Martyn Finlay

From Wikipedia, the free encyclopedia
Jump to: navigation, search

Allan "Martyn" Finlay QC (1 January 1912 – 20 January 1999) was a New Zealand lawyer and politician of the Labour Party.

Member of Parliament[edit]

Parliament of New Zealand
Years Term Electorate Party
1946–1949 28th North Shore Labour
1963–1966 34th Waitakere Labour
1966–1969 35th Waitakere Labour
1969–1972 36th Henderson Labour
1972–1975 37th Henderson Labour
1975–1978 38th Henderson Labour


Biography[edit]

Electoral history[edit]

Martin Finlay stood unsuccessfully for Remuera in 1943. He then represented the North Shore electorate from 1946 to 1949, when he was defeated. Later he represented the Waitakere electorate from 1963 to 1969, then the Henderson electorate from 1969 to 1978, when he retired.[1]

Vietnam War[edit]

Martin Finlay was also one of the Labour Party's most active opponents of New Zealand's military involvement in the Vietnam War and questioned the New Zealand government's support for South Vietnam. In 1964, he argued during a parliamentary speech that the Viet Cong were the only effective opposition in South Vietnam, but still accepted the general consensus within New Zealand government circles that the Viet Cong were being supported by North Vietnam and the People's Republic of China.[2] On 6 June 1965, Finlay chaired an anti-war meeting in Auckland which was sponsored by the Auckland Trades Council, the Auckland Labour Representation Committee, and the Auckland Peace For Vietnam Committee (PFVC). A prominent speaker at that meeting was the trade unionist Jim Knox.[3] He also participated in a teach-in at the University of Auckland on 12 September 1966, which drew about 600 people.[4]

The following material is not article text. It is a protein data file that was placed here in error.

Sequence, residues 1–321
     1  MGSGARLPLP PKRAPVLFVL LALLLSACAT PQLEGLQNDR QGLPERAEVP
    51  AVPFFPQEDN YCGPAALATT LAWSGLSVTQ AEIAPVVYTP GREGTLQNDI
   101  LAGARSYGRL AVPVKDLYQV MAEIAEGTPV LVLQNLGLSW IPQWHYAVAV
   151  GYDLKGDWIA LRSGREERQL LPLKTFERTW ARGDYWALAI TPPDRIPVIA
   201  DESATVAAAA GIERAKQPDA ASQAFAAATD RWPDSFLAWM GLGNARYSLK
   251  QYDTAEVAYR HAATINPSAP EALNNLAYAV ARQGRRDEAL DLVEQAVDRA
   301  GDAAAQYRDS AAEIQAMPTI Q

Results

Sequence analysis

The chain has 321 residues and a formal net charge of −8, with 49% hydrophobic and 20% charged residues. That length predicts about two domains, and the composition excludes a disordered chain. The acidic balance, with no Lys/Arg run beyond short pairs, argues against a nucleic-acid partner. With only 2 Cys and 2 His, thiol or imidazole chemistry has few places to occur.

During a Labour Party conference in 1966, Martin Findlay, at the instigation of the Labour Party leader and future Prime Minister Norman Kirk, proposed an amendment which advocated replacing New Zealand's artillery battery with a non-combatant force.[5] Despite his opposition to the Vietnam War, Martin argued that New Zealand troops should not be withdrawn from Vietnam too quickly to avoid interfering with the Paris peace talks in 1969.[6] When the United States Vice President Spiro Agnew visited the capital Wellington in mid-January 1970, Finlay along with several other Labour Members of Parliament including Arthur Faulkner, Jonathan Hunt, and Bob Tizard boycotted the state dinner to protest American policy in Vietnam. However, other Labour MPs including the Opposition Leader Norman Kirk attended the function which dealt with the Nixon Doctrine.[7]

The Third Labour Government[edit]

Finlay was a Cabinet Minister, and was the Attorney-General and Minister of Justice from 1972 to 1975 and Minister of Civil Aviation and Meteorological Services from 1973 to 1975 in the Third Labour Government.[8][9] He was President of the Labour Party from 1960 to 1964. He lost a notable 1969 election TV debate (on the NZBC's Gallery programme) against Robert Muldoon.

He was made a Queen's Counsel (QC) in 1973.[10]

Notes[edit]

  1. ^ Wilson 1985, p. 196.
  2. ^ Rabel 2005, p. 76-78.
  3. ^ Rabel 2005, p. 120.
  4. ^ Rabel 2005, p. 162.
  5. ^ Rabel & 2005 180.
  6. ^ Rabel 2005, p. 287.
  7. ^ Rabel & 2005 299-300.
  8. ^ "Obituary—Hon. Dr Allan Martyn Finlay QC". New Zealand Hansard. VDIG.net. 16 February 1999. Retrieved 29 August 2013. 
  9. ^ Wilson 1985, pp. 92–93.
  10. ^ "Queen's Counsel appointments since 1907 as at July 2013". Crown Law Office. Retrieved 4 September 2013. 

References[edit]

  • Wilson, James Oakley (1985) [First ed. published 1913]. New Zealand Parliamentary Record, 1840–1984 (4th ed.). Wellington: V.R. Ward, Govt. Printer. OCLC 154283103. 
  • Rabel, Roberto (2005). New Zealand and the Vietnam War: Politics and Diplomacy. Auckland: Auckland University Press. ISBN 1-86940-340-1. 
Political offices
Preceded by
Roy Jack
Minister of Justice
1972–1975
Succeeded by
David Thomson
Attorney-General of New Zealand
1972–1975
Succeeded by
Peter Wilkinson
New Zealand Parliament
New constituency Member of Parliament for North Shore
1946–1949
Succeeded by
Dean Eyre
Preceded by
Rex Mason
Member of Parliament for Waitakere
1963–1969
Vacant
Constituency abolished, recreated in 1978
Title next held by
Ralph Maxwell
New constituency Member of Parliament for Henderson
1969–1978
Vacant
Constituency abolished, recreated in 1993
Title next held by
Jack Elder
Party political offices
Preceded by
James Roberts
President of the Labour Party
1958–1964
Succeeded by
Norman Kirk